Ulster Bank to begin phased withdrawal from Irish market

Friday, February 19
Peter Cosgrave

Ulster Bank is to end operations in Ireland but their withdrawal will take a number of years.

The bank has announced a phased withdrawal over the coming years that will be done in an "orderly and considered manner". 

The bank, which is owned by UK lender NatWest, has 1.1 million customers here, along with 2,800 staff in 88 branches around the country. 

"Ulster Bank will continue to communicate with customers throughout this process and remains open for business, new and existing through all business channels," the bank said.

The decision to withdraw from the Irish market was made by its UK based owner, Natwest.

The bank operates 88 branches in the Republic, 2,800 employees and over 1 million customers.

There are no plans to close Ulster Bank operations in Northern Ireland.

Ulster Bank's chief executive Officer Jane Howard said the bank will continue to offer a full banking service in our branches, online and through normal channels for existing and new customers for the foreseeable future.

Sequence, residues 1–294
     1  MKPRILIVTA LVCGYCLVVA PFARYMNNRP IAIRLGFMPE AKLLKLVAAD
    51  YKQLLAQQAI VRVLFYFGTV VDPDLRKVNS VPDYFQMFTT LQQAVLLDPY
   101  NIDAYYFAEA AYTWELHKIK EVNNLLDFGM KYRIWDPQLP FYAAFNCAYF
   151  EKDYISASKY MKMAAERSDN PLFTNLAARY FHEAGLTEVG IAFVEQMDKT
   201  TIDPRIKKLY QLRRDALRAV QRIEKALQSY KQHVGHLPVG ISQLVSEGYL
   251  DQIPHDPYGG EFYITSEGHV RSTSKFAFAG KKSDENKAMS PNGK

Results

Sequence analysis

"I want to be clear that there will be no change for customers today, changes will happen over the coming years," the CEO said.

As part of the phased withdrawal, AIB is in negotiations with Ulster Bank to buy €4 billion of performing commercial loans.

Ulster Bank also said it is in early discussions with Permanent TSB about its potential interest in buying certain retail operations and small and medium enterprise (SME) assets.

In a statement, Permanent TSB said that it has "ambitious plans" to grow its position in the retail and SME markets in Ireland and continue to be a force for competition. 

"In line with that ambition, the bank confirms that it is in early discussions with NatWest in relation to acquiring certain elements of the Ulster Bank businesses in the Republic of Ireland," it added.